The Pitfalls of Custom Code in EHS Software

Custom Code vs Configurable Code EHS software blog man in field photo cority

Why businesses should prioritize configuration over customization when evaluating EHS software.

Organizations evaluating EHS management software applications are often in search of the ‘ideal’ solution; a powerful, cloud application that does everything they need it to do, in a simple and straightforward manner, and at the lowest price possible. That’s the dream. Unfortunately, many firms find that ideal often hard to come by. 

In those cases, where an organization finds a solution that’s close to what they are looking for, they might ask the vendor “what changes can be made to the solution to bring it closer in line to what we need?”  That question invariably raises a long-running debate: Should we configure or customize? So, what’s the best approach? 

In this blog, we’ll explore: 

  1. The differences between customizing versus configuring software 
  2. The pitfalls that accompany a custom-code EHS software approach 
  3. Why vendors might promote the value of custom-code EHS software
  4. Why a no-code, configuration-based approach is preferred

What’s the difference between configuration & customization in EHS software?

The terms ‘configuration’ and ‘customization’ are often used interchangeably, they refer to two distinct approaches to reach a desired end goal. 

Configuration refers to tailoring, adjusting, or adapting an application’s settings, preferences and/or out-of-the-box functionality to best suit the buyer’s specific needs and use cases. Any software will need to be configured to meet each buyer’s unique requirements. Such requirements might include workflows, dashboards, business rules, views, layouts, etc. Therefore, most software applications are designed to offer a certain degree of front-end configurability, allowing client system administrators to alter their configuration, to reflect changing business needs.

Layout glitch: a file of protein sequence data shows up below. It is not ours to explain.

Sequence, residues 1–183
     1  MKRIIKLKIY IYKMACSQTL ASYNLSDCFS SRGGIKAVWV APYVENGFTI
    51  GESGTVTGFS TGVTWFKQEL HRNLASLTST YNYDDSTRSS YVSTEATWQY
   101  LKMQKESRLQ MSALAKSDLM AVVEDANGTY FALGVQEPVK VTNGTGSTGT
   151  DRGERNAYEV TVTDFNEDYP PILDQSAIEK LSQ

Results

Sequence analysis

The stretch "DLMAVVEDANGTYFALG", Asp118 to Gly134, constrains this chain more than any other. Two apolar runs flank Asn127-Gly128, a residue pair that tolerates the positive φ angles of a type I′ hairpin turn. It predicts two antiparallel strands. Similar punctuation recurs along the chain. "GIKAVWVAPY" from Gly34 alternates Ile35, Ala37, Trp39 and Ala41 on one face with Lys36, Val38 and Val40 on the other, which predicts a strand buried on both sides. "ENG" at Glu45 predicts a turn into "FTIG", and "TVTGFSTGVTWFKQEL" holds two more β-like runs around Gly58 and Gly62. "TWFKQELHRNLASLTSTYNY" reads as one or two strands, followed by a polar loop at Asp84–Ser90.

By contrast, Customization refers to the act of altering the existing base code, or writing new code into the software to enable it to meet specific customer demands. Customization allows vendors to meet the specific needs of a customer that their platform’s out-of-the-box capabilities do not address. However, while customization offers businesses the ability to create new functionality for these needs and use cases, this approach is not without its risks. 

The Challenges That Accompany a Custom-Code Approach in EHS Software

Obviously, most businesses prefer a product that is customized to their specific needs, preferences, requirements and interests. Who wouldn’t? But, when dealing with software, customizations can create tradeoffs and risks that must be examined thoroughly before heading down that path. Let’s look at a few. 


Since customization involves changes to the application’s code base, specialty skills and expertise in programming is required. And the lack of expertise required to make those changes is often the first major hurdle faced when organizations look to customize software. As different applications are built on different code bases (e.g., Java, C#, Python, etc.), customers might need access to developers with specific knowledge of the code base in that application. Granted, if the vendor is responsible for writing the code, that issue isn’t as fraught with danger as it would be if the customer is making those changes themselves. But even when a vendor supports customization, their developers need to stay apprised of the specific changes made to the code, which can introduce risk whenever something changes in the application overall. 


Customization is much more time-intensive than configuration. Beyond understanding what new functionality is needed, new code must go through extensive quality assurance and regression testing to ensure that it will not only work (e.g., solve the problem for which it was built), but that it will also not break existing code elsewhere in the application. That specialized development can significantly increase software deployment time, slowing down a business’ ability to get their users onto the platform, and limiting the productivity gains sought through digital transformation. By comparison, software that delivers front-end configurability is tailored more easily to the company’s needs, helping to speed up implementation, and creating a faster time to value.